When the Spanish came to Mexico, so our guide explained, the Maya had already had civil wars and revolutions where the amazing, strict, elaborate, uniform, highly cultured and educated elite rulers were overthrown. The common Maya had lived in little huts on the outskirts of the built up cities like Chichen Itza, and so the jungle was allowed to take back the large central buildings. So when the Spanish arrived, they didn't have to destroy the buildings to get rid of the science, the culture, the religion--it was all but already gone. The language of the Maya still existed, and still does, so the Spanish only had to politely request force the Maya to adopt their religion. Most Maya now are Catholic, and a few are various denominations of Protestant. Almost none follow the religion of their forebears, the polytheistic religion similar to North American Nations of Native Americans, or even know about it. But, the Maya are still here and sell all sorts of crafts and art along the wide dirt pathways that lead to the big buildings that tourists come to see.

I tried to speak Spanish as much as possible when I was in Mexico, but since tourism is the main industry in the Yucatan peninsula (construction and honey production follow) everyone speaks English. There are tourists from other parts of the world--I heard french and german being spoken at our resort--but, by the far it is Americans who go there. My Spanish is no muy bien, pero, esta bien--asi asi. So I asked a Maya ( they say Maya, not Mayan) man who was carving a mask with a knife if I could take a picture of him. I showed my camera and said "Esta bien?" He said "Sure!"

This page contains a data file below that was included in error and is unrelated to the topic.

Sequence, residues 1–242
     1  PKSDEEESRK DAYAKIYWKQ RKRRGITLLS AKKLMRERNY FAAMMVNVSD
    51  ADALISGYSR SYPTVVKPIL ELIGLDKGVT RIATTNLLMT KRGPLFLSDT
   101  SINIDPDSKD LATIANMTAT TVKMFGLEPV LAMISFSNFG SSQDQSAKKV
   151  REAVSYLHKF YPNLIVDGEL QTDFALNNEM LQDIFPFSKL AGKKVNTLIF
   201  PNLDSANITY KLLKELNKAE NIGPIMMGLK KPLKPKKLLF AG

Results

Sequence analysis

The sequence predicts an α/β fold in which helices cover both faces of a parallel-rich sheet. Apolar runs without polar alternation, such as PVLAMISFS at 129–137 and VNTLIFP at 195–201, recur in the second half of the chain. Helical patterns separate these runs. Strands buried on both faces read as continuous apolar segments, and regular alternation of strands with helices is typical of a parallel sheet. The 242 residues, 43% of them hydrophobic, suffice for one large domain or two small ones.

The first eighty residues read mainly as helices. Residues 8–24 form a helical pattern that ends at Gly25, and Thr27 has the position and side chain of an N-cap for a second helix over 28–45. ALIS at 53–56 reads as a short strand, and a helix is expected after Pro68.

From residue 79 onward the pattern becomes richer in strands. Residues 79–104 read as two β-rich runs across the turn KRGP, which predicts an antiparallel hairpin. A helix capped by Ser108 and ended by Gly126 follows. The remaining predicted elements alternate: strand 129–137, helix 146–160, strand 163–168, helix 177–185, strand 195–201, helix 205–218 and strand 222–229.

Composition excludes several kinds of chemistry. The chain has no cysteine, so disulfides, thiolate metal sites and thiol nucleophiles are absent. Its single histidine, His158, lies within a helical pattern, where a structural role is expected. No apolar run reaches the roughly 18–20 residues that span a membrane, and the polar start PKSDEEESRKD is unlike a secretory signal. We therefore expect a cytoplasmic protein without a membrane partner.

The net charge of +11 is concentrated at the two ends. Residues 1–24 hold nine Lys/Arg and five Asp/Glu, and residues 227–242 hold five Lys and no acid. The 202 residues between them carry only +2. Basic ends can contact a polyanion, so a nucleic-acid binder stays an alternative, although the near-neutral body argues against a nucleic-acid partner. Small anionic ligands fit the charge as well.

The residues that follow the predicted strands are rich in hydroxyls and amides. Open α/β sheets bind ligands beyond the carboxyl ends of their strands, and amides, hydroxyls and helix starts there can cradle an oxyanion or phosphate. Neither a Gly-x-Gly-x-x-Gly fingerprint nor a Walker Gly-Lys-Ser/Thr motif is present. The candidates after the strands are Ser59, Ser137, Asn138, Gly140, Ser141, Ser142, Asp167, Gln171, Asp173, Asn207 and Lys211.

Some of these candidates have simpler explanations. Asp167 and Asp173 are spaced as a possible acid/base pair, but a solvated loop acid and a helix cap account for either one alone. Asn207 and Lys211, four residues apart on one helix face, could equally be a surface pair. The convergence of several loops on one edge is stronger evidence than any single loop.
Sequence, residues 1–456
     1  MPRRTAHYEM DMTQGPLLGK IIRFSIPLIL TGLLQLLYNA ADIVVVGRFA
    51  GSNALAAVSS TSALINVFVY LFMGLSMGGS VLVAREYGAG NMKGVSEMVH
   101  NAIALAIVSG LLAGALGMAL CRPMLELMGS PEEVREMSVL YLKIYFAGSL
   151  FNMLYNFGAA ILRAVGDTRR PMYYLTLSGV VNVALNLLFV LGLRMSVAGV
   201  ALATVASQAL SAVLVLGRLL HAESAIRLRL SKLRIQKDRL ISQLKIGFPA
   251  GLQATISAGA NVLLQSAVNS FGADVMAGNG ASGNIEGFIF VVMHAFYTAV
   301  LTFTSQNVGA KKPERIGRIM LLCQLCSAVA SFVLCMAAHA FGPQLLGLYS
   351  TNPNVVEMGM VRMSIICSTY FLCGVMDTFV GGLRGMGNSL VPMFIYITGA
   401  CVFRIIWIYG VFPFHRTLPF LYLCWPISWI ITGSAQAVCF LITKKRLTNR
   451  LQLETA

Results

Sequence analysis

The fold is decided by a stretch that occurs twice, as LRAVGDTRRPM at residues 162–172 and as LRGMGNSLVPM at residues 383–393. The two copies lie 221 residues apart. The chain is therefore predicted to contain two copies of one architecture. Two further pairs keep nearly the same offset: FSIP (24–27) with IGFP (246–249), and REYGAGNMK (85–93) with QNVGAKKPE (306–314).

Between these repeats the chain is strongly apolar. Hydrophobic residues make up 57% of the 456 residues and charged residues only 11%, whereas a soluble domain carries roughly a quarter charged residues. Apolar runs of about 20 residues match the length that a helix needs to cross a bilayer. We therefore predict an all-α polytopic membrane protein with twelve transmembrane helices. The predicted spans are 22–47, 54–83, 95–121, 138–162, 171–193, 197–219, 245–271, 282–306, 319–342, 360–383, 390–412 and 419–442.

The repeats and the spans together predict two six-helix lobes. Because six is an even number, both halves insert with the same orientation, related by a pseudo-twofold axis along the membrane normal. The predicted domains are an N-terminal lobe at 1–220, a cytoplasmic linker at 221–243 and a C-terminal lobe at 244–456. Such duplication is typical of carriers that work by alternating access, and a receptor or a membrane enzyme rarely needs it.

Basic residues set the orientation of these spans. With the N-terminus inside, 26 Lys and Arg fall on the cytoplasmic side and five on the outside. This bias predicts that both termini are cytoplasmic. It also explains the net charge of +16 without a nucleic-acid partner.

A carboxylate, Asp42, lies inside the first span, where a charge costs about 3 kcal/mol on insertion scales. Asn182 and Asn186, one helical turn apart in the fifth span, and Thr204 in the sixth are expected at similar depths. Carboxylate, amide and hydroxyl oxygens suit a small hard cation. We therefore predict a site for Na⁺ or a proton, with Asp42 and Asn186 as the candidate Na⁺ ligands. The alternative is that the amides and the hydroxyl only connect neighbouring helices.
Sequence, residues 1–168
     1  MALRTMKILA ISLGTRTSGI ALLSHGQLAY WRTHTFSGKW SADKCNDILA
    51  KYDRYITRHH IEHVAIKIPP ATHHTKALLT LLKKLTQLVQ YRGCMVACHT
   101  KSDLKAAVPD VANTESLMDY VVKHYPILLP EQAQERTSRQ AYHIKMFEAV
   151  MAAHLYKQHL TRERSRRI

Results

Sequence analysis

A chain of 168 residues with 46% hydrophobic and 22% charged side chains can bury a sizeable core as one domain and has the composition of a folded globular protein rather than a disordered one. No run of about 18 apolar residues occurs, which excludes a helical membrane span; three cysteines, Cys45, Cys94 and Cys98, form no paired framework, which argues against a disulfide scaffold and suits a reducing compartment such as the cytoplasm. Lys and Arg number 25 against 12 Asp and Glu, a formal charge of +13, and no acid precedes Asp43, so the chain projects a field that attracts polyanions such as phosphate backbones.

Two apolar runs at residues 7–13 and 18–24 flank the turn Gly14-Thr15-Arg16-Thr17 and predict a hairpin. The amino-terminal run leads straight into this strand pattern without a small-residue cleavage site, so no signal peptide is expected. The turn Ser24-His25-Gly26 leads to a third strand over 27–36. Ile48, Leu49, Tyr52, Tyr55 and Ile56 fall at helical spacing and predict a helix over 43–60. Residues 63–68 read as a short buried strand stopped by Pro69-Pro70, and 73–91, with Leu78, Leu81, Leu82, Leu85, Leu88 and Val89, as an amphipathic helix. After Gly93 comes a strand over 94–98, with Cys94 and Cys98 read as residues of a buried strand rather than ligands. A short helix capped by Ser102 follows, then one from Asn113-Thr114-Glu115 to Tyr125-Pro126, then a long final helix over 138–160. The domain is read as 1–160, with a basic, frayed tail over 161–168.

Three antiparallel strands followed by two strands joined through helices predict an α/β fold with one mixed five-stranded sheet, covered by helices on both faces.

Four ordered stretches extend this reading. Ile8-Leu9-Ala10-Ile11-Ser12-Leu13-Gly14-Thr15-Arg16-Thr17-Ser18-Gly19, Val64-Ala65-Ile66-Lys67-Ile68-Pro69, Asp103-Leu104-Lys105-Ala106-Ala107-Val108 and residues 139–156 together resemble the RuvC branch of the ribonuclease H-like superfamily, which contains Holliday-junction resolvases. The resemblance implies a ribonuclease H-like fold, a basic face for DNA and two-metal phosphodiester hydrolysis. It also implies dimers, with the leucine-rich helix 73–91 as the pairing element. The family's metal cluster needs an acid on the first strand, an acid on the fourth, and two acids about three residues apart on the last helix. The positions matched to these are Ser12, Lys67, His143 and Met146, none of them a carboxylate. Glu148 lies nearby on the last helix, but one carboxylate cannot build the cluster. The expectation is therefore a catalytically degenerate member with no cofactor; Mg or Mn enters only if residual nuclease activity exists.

He was very nice and it was interesting to see the work he was doing on the piece of wood.

Women and girls were selling little handkerchiefs with embroidery on them for $1. LOTS of things were priced at $1 and the Maya would call out to us tourists walking towards el Castillo, "It's almost free! Only $1!! Better than Walmart!!" Guess where they have a Walmart--that's right, Cancun...

There were chess sets carved out of jade and other stone, gaudy crystal pyramids, t-shirts, wind chimes, masks, marionettes, silver jewelry and other things depicting the ruins.

And then we saw one of the buildings, not the main one, but one of the smaller ones, looming out of the trees.

This one also had the snake god Kukulcan slithering down the railings of the stairs headed towards the ground where they will enter and be the power that they are as a God of the people.